Back in June 2011, the CDC recommended that all pregnant women receive a one-time Tdap vaccine if they had not previously received it. That recommendation has now been replaced in an effort to contain the widespread pertussis (whooping cough) outbreak; health officials now say women should receive the vaccine during each and every pregnancy, regardless of whether or not she’s received the vaccine before.
“Every time you’re pregnant, you should be vaccinated against whooping cough – not just to protect yourself, but to protect the baby,” said Dr. William Schaffner, chair of the department of preventative medicine at the Vanderbilt University School of Medicine in Nashville and liaison to the committee from the National Foundation for Infectious Disease (NFID).
Despite long-standing childhood immunizations against pertussis, the number of reported cases has been climbing over the last ten years. More than 32,000 cases of whooping cough have already been reported for this year; 16 of those cases resulted in death. It is estimated that 2012 will be the nation’s worst year for whooping cough since 1959.
But what’s most concerning about this outbreak is that newborns are unprotected against the condition. Because their immune systems are too immature to handle the vaccine before two months of age, the first Tdap vaccine isn’t given until then. Because pertussis causes coughing and breathing difficulties, catching whooping cough this early in life could have serious adverse effects.
“We suspect that a proportion of babies who die of Sudden Infant Death Syndrome are caused by pertussis,” said Schaffner, who is also chair of the NFID’s Campaign for Adult Immunization.
To make matters worse, recent research has indicated that the whooping cough vaccine’s protection wanes with time; this means that adults and older children may have very few antibodies to protect them against the virus. It is thought that somewhere between 30 and 40 percent of all infected infants got the condition from their mothers. Others possibly caught the disease from other family members.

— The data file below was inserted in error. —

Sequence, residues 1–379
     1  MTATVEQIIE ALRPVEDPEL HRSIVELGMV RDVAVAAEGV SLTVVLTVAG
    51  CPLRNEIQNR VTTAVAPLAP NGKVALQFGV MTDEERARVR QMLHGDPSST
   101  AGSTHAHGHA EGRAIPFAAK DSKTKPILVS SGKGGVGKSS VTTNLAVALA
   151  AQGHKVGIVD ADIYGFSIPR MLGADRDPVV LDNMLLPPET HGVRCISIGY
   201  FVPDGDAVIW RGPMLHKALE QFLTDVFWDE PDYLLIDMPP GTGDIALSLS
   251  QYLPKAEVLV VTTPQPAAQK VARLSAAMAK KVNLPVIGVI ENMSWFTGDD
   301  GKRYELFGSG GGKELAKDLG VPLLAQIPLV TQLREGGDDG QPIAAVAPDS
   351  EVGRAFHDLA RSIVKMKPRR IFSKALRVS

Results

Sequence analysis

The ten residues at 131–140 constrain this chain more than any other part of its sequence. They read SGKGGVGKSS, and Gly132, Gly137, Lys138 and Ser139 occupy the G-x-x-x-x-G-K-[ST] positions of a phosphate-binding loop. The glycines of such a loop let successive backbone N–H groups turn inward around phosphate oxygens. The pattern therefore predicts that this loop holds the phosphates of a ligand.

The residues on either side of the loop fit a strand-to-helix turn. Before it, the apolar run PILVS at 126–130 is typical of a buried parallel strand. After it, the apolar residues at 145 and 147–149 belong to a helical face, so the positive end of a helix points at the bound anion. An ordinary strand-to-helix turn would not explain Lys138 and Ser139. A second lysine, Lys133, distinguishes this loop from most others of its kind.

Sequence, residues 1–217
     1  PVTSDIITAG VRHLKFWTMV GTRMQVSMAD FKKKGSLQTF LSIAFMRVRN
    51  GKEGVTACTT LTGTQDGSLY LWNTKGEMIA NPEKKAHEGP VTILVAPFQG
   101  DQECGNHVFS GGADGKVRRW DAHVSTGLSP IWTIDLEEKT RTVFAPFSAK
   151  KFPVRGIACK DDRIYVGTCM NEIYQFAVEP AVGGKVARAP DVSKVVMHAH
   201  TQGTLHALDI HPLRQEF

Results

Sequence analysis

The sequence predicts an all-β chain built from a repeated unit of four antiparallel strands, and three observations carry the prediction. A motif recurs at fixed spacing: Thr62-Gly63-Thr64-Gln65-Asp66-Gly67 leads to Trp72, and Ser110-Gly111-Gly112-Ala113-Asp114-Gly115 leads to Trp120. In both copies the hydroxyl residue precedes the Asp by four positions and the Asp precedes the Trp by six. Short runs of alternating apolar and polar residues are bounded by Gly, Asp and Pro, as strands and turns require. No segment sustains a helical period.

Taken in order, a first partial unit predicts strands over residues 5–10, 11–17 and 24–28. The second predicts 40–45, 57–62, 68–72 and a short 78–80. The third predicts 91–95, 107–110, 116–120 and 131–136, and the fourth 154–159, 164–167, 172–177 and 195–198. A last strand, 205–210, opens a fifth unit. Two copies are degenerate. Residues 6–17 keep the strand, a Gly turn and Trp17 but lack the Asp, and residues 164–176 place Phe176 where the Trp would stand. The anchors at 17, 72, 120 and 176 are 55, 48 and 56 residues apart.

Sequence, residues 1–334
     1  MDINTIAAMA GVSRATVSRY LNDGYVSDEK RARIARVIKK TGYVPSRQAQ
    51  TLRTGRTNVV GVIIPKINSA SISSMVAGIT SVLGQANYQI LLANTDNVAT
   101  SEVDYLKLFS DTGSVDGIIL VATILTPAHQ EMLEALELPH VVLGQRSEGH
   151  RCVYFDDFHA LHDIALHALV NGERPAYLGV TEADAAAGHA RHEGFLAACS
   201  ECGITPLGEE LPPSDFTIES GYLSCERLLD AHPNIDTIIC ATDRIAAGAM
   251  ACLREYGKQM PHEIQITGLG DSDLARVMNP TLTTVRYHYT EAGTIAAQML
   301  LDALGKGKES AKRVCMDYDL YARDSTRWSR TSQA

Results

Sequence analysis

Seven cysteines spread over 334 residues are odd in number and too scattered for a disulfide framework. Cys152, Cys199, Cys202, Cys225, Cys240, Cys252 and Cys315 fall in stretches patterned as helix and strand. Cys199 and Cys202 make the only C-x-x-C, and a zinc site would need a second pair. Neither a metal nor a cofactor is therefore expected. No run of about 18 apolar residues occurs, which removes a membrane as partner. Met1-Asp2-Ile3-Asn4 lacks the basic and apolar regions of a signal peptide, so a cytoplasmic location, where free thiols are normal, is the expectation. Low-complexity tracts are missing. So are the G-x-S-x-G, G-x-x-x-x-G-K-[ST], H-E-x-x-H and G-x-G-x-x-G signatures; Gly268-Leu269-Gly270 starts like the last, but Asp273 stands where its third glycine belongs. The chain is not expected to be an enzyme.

For this reason, health officials have been recommending that older children and adults receive the vaccine to help contain the condition. But it doesn’t seem that the advice is catching on; as a result, health officials have been centering their focus on protecting the youngest members of our nation.
Because the vaccine travels through the placenta, babies could be provided with whooping cough protection “for the first six months of life and beyond.” The CDC says the protection is most effective if the mother receives her Tdap between 20 and 33 weeks. However, anytime during pregnancy is beneficial, they say. They add that if the vaccine is not given during pregnancy, it should be received by the mother before leaving the hospital or birthing center.
Their first recommendation – that pregnant women receive the Tdap during pregnancy if they had not been previously vaccinated – only resulted in about 3 percent of pregnant women getting vaccinated. They are hoping that the new recommendation produces better results. Better results could produce some very positive results. Jennifer Liang, a CDC epidemiologist, says that by giving the vaccine to pregnant women, whooping cough cases could be reduced by as much as 33 percent, hospitalizations by 38 percent and deaths by 49 percent. She presented this information to the panel of voters.
Still, there are some panel members that are concerned about how safe and effective the measures will be. The vaccine is still only licensed to give to an adult once; with the new recommendation, women could be receiving three or four vaccines within a relatively short time period. However, those concerns have been addressed by Liang; she says there is no evidence that there are any serious risks to either mothers or their newborns by receiving the vaccine.
“The benefits of vaccination outweigh the theoretical risks,” she said.
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